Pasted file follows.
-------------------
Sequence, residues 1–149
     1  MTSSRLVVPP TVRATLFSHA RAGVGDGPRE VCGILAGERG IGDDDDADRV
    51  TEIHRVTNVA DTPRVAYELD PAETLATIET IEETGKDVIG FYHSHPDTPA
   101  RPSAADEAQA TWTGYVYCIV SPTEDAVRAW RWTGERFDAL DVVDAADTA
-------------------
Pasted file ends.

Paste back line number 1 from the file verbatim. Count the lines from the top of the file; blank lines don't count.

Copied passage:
Sequence, residues 1–149